* Automotive or industrial hoses used to transport hot fluids or oils in hot and/or aggressive environments (e.g. power steering hose, transmission cooler hose, hydraulic hose). These hoses could be constructed with an HNBR veneer inside a co-extruded tube with a cover made from an elastomer with lower fuel and oil-resistance, such as CSM or XIIR. Commercially, some automotive power-steering hoses use a construction similar to this utilizing an HNBR tube and a CSM cover.

* Automotive or industrial hoses used to transport fluids or oils in an aggressive environment, where the heat resistance requirements are more stringent either inside, or exterior to, the hose. This type of hose could be constructed with HNBR veneer, with a co-extruded laminate of a lower-heat-resistant elastomer, such as ECO or NBR.

* Automotive hose used for the transport of fuels, possibly flexible fuels (fuel blends with alcohol). This hose must have good fuel-resistance and low fuel permeability. This type of hose could be constructed from a fluoroelastomer veneer in the tube with an HNBR tube and cover. The fluoroelastomer will give the excellent fuel impermeability while the HNBR will reduce costs and also provide improved mechanical strength and reasonable fuel-resistance. Work has been done (refs. 9-11) to develop a laminated hose using fluoroelastomer and NBR. These patents outline how to enhance the interfacial adhesion by addition of compounding ingredients into the fluoroelastomer compound. These principles should also be applicable to hoses constructed of fluoroelastomer and HNBR.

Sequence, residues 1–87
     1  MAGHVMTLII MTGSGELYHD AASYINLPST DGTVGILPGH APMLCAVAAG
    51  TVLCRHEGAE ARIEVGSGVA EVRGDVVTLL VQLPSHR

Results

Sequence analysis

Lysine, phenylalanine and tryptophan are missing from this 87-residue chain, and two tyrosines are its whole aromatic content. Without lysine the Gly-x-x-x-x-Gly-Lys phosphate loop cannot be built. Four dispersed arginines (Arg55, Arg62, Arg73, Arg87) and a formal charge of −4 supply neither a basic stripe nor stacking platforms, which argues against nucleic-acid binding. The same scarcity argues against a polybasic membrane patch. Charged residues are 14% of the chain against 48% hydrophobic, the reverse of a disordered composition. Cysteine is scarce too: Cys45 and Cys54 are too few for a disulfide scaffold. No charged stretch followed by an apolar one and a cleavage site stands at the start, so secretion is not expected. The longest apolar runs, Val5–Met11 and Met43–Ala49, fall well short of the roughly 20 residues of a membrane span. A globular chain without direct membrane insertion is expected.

* Conveyor belting requiring good oil-resistance and/or abrasion-resistance and/or good heat-resistance. These belts could be constructed with an NBR center core with an HNBR laminated cover.

* Industrial drive belts requiring a rib compound with good abrasion-resistance and/or heat and oil-resistance could be constructed with an HNBR rib compound with a cover made from a less resistant, lower cost elastomer compound such as CSM.


A modified 180 [degrees] peel test was developed to effectively measure the differences in interfacial adhesion when HNBR is covulcanized to another elastomer. The test shows good reproducibility and is capable of measuring interfacial adhesion forces up to 25 kN/m.

HNBR shows good-to-excellent adhesion when covulcanized to: CSM (all types of curing systems); ECO (sulfur, ethylene thiourea and peroxide curing systems); NBR (peroxide curing system); and fluoroelastomer (bisphenol curing system)

HNBR shows moderate adhesion when covulcanized to: ECO (diamine curing system); NBR (sulfur curing system); XIIR (sulfur and peroxide curing systems); and fluoroelastomer (peroxide curing system).